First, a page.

So the argument that humans shouldn't be drinking milk because it's not natural to drink another species' milk or beyond the age of four is, at best, lacking in scientific support.
1414  Bitcoin / Bitcoin Discussion / Re: Could Bitcoin be a solution for the raw milk market? on: February 18, 2013, 02:29:12 PM
If you guys want to die of food poisoning, that's fine with me.
This shows how powerful the propaganda of the "processed food" lobby is: their FUD make you think that it can be dangerous  not to buy their shit..
Same mechanism is used by banks to denigrate bitcoin.

Food safety is relative.  For example, nearly all salt for human consumption in the industrilized world contains iodine, because lack of iodine goitre in adults, and some types of mental retardation in infants.  Is the sale of tablesalt without added iodine illegal in the US?  No, it's not.  It simply has to be marked so that it cannot be confused with "regular" tablesalt.  I can buy it at Kroger or Wal-Mart under the names "Sea Salt", "Kosher Salt" or "Pickling Salt"; but it just never says just "Salt"unless it contains iodine.  Which is more dangerous, consuming raw milk (quickly enough to be reasonable) or consuming Kosher Salt?  Almost certainly the latter, but that point is moot.  Unpasterized milk should not be illegal in the United States, the idea is as Un-American as the table salt ban in NY city.

EDIT:  Additionally, consuming raw milk is as safe as pasturized, if the milk is consumed within a 24 hour period.  This was the economic motivation of the daily "milk man" deliveries of yesteryear.  They didn't even bother to refigerate it even after refrigerators were common.  To additionally reduce risk and impede bacterial growth, the milk man would usually add a silver dime to each bottle.  The silver in the dime would give off silver ions into the milk, which would not harm people but was toxic to bacteria.
1415  Bitcoin / Bitcoin Discussion / Re: Could Bitcoin be a solution for the raw milk market? on: February 18, 2013, 05:18:53 AM


Nothing about bitcoin changes this.  Almost all laws banning things ban the distribution AND sale so that even if you gave it away for free it would not be any different.

This is generally not true in the United States.  Since the consumption of raw milk isn't actually something that can be banned under US law, for a variety of historical reasons, it's actually the act of engaging in commerce that is prohibited with raw milk.  It's actually a law that exists to favor major dairy producers & grocery stores, since raw milk wouldn't safely survive the lengthy trip from factory farm to the grocery store to the average home refrigerator reliablely enough to compete with the small farmer who simply offers the day's raw milk for purchase.  Raw milk, kept refrigerated and consumed quickly, isn't dangerous.  It's the delay that the modern food industry adds to the mix that is risky.  Bear in mind, milk was designed to be consumed immediately; yet well before the age of refrigeration, the early production of cheese was a process that took days.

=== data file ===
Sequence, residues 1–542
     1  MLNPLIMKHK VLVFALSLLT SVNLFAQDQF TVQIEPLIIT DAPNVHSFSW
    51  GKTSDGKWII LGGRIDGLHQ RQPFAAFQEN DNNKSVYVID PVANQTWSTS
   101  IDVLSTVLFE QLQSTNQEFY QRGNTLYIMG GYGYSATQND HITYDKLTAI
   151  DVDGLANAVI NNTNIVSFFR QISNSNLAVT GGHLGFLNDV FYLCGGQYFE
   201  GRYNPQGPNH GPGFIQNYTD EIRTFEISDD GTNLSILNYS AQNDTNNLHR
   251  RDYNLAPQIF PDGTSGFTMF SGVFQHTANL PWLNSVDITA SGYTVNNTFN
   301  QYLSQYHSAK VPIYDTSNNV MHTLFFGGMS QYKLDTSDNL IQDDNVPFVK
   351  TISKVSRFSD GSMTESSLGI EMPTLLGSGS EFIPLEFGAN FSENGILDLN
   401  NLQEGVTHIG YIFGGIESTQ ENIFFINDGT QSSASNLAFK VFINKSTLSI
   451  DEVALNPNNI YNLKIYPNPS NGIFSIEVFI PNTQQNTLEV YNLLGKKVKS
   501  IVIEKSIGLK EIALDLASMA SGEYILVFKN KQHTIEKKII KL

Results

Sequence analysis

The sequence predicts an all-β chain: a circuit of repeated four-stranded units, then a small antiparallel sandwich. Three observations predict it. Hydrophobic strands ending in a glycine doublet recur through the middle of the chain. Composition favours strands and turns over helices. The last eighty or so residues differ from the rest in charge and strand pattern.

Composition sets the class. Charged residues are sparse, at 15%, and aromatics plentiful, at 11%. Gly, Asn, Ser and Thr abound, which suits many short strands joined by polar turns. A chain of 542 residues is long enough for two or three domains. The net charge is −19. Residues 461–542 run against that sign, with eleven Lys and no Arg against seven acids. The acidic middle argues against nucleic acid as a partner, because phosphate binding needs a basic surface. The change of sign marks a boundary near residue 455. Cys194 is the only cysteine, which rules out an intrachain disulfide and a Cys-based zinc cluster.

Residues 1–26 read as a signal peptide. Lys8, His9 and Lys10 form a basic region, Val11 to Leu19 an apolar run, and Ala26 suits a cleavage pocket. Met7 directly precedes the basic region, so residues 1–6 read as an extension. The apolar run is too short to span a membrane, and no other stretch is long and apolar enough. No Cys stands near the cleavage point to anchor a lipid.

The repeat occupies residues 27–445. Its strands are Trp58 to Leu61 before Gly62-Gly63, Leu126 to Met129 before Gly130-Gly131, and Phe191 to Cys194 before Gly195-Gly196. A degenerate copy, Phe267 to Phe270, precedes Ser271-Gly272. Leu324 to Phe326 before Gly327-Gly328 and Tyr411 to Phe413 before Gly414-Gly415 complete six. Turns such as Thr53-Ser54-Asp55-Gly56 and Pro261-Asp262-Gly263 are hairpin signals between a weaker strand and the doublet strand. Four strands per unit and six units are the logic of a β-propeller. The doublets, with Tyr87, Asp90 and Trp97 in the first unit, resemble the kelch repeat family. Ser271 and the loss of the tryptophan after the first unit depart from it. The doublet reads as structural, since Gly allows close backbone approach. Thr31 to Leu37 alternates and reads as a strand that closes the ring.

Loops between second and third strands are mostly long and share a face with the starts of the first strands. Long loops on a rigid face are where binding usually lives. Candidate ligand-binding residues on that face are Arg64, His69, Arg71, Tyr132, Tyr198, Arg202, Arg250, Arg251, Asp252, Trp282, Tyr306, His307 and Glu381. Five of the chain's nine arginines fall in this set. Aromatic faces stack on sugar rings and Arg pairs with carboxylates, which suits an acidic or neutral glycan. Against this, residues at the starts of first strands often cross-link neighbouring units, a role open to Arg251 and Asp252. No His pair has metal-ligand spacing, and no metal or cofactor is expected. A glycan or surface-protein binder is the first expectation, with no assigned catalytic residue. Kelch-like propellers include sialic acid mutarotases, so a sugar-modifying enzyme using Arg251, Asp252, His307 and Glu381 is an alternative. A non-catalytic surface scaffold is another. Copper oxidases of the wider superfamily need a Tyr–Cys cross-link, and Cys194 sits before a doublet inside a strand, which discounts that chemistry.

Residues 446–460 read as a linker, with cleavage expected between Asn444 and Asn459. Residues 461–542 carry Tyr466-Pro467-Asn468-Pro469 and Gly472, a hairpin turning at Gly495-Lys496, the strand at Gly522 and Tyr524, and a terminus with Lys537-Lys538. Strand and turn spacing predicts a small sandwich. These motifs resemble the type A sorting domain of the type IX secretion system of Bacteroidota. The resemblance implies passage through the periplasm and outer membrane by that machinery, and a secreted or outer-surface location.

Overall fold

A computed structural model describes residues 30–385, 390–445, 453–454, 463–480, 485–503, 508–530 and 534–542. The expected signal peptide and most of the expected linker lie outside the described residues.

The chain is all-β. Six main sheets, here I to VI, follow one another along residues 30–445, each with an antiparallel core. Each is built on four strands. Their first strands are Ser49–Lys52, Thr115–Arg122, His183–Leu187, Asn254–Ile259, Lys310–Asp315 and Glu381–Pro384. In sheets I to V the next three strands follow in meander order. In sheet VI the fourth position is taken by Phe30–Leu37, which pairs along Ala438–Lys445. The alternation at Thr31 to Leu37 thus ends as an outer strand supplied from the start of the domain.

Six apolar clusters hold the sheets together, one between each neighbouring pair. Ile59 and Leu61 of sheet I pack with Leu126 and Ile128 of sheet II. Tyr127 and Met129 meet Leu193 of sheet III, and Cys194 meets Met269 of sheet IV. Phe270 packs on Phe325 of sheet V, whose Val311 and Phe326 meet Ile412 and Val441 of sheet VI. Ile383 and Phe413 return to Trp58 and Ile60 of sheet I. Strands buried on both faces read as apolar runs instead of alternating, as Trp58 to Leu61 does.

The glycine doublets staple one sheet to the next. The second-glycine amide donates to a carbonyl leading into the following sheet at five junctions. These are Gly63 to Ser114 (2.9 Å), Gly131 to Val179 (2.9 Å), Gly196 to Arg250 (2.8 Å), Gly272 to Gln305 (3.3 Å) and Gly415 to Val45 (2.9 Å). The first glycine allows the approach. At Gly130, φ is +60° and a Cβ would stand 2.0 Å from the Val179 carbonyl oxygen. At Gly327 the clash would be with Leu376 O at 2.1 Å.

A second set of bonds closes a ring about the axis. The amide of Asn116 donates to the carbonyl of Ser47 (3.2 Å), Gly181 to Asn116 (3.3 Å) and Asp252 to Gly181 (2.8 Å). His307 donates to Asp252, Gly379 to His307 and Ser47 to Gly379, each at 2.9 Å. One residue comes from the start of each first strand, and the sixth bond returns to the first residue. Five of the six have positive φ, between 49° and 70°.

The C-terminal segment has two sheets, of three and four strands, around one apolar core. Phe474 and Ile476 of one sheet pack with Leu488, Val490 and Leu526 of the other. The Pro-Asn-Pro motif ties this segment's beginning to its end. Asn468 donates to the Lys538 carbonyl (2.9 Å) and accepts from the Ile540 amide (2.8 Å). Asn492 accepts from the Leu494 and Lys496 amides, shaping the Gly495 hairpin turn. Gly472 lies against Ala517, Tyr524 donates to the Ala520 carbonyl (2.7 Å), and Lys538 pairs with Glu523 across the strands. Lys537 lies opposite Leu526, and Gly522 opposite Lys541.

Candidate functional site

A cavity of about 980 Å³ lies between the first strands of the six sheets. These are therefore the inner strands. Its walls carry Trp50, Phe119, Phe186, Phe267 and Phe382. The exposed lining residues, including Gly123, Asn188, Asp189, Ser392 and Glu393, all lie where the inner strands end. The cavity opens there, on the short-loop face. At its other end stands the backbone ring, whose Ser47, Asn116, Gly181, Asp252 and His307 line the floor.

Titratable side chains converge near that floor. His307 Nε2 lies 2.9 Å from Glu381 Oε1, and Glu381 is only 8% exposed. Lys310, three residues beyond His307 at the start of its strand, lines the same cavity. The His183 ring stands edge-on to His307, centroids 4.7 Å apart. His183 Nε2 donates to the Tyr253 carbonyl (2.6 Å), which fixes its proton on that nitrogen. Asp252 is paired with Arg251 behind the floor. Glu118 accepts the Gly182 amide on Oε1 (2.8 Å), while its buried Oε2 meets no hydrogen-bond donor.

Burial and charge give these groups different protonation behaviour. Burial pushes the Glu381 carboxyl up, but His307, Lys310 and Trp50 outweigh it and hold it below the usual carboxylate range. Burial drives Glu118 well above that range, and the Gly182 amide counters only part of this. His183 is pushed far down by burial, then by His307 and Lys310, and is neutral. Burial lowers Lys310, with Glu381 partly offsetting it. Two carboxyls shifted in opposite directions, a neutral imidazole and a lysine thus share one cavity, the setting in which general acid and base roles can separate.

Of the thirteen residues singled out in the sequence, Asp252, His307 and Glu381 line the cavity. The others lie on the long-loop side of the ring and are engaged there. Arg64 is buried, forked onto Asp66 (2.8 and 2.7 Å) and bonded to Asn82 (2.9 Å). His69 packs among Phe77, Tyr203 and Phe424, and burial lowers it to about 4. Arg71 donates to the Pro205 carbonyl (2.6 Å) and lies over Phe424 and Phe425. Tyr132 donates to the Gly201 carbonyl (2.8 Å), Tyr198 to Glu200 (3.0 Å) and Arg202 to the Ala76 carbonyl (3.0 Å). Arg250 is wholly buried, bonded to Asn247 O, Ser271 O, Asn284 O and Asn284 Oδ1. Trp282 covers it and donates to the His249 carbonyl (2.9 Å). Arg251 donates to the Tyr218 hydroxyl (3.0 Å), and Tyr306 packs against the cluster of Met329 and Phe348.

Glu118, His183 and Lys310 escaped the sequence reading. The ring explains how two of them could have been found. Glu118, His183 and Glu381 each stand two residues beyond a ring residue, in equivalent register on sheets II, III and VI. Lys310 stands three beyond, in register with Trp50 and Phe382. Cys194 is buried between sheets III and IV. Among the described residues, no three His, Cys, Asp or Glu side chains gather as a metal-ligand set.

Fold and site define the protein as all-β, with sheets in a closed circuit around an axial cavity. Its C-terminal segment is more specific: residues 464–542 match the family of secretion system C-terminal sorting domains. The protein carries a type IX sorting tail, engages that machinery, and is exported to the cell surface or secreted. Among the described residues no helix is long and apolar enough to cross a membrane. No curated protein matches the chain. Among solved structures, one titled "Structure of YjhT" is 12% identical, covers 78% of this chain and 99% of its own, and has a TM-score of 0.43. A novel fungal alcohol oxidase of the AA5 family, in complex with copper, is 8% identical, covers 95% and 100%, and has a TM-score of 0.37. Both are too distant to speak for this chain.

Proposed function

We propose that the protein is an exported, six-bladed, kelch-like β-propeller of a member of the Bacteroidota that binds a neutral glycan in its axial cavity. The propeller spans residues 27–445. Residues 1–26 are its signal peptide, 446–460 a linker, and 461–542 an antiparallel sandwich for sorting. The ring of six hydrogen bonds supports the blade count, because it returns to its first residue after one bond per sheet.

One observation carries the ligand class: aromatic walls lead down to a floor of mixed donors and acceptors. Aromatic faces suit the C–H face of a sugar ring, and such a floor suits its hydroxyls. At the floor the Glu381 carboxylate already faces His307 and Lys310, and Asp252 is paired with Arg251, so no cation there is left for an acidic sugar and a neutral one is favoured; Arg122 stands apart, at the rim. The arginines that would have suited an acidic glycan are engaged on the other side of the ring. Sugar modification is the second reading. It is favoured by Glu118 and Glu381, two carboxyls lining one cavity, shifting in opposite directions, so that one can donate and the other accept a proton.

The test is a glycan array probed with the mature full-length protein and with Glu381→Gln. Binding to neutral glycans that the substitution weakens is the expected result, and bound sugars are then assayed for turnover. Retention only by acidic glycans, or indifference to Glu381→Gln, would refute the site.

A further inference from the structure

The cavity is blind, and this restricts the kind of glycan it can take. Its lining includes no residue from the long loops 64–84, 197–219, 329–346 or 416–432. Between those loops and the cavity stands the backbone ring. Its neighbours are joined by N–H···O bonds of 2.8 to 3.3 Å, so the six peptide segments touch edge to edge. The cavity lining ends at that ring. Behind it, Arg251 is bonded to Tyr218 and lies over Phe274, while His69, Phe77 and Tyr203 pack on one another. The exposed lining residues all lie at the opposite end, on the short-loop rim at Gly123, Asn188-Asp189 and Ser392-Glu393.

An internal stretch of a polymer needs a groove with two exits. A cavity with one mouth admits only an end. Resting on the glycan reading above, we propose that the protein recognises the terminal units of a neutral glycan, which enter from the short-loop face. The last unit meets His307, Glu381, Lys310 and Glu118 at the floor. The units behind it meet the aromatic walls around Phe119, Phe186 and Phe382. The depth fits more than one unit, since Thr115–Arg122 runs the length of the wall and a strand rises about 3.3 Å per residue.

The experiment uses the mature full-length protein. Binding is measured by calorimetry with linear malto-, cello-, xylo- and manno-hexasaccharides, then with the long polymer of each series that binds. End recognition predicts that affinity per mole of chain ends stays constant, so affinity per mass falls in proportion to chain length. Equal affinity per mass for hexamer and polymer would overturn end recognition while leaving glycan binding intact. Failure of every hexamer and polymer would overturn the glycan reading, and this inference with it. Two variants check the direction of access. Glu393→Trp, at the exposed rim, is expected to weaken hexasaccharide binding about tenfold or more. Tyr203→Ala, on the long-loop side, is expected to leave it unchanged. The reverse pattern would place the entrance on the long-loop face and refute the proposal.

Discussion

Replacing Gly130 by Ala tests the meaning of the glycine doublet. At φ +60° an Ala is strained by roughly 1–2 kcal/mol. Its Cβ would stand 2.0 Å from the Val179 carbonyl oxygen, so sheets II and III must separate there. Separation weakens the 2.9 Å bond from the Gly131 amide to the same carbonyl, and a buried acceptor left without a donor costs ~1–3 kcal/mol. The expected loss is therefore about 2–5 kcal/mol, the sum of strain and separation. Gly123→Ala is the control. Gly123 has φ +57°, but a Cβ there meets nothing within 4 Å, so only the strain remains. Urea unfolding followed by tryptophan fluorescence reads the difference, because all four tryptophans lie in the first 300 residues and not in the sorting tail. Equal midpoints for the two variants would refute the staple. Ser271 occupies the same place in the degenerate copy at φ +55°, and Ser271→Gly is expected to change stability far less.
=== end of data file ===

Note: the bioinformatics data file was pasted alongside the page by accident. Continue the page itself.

1416  Bitcoin / Bitcoin Discussion / Re: Could Bitcoin be a solution for the raw milk market? on: February 18, 2013, 05:08:25 AM
here in australia you can legally buy unprocessed 'bath milk', as long as you're only using it to add to your bath water and not drinking it *wink wink*

is this not possible in the US?


First of all, bathing in milk is very uncommon in the US, and usually only happens in spas.  But the answer to your question is no, not legally.
1417  Bitcoin / Bitcoin Discussion / Re: I was charged extra for using my credit card on: February 16, 2013, 03:00:43 AM
Fine, you guys all suck, and you all seem to have more experience with modern CC transaction than I do.  I'm too old, etc.

I still stand by my opinion that 7% isn't unrealistic.  Good luck disproving my opinion, which is what it always was, and it still is.

High?  Yes.  Excessively high?  No, it's not.  Who gets to decide?  I do, because it's my opinion.

So bite me, children.
1418  Economy / Service Discussion / Re: Coinbase is "Down for maintenance" -- Missing 100BTC sent 10 hours ago. on: February 16, 2013, 02:54:41 AM
I've had positive experiences with Coinbase, but I have to admit that I've never trusted anyone with so much bitcoin value at once.  If this is a hack or a white turned black node fraud, I'm truly sorry for your loss. 
1419  Bitcoin / Project Development / Re: Can we create a bitcoin mobile app store? on: February 16, 2013, 02:49:42 AM